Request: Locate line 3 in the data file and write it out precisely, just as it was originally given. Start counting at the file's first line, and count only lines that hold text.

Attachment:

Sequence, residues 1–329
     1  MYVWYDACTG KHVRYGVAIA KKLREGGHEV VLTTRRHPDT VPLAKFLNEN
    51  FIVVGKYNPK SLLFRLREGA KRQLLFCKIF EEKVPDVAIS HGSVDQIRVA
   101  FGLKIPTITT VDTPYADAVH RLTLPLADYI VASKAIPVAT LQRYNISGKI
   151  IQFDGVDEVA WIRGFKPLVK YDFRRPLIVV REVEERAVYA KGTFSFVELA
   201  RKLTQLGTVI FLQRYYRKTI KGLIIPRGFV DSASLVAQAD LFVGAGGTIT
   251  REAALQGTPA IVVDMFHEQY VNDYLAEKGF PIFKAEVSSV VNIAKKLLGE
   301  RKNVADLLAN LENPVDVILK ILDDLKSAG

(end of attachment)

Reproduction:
    51  FIVVGKYNPK SLLFRLREGA KRQLLFCKIF EEKVPDVAIS HGSVDQIRVA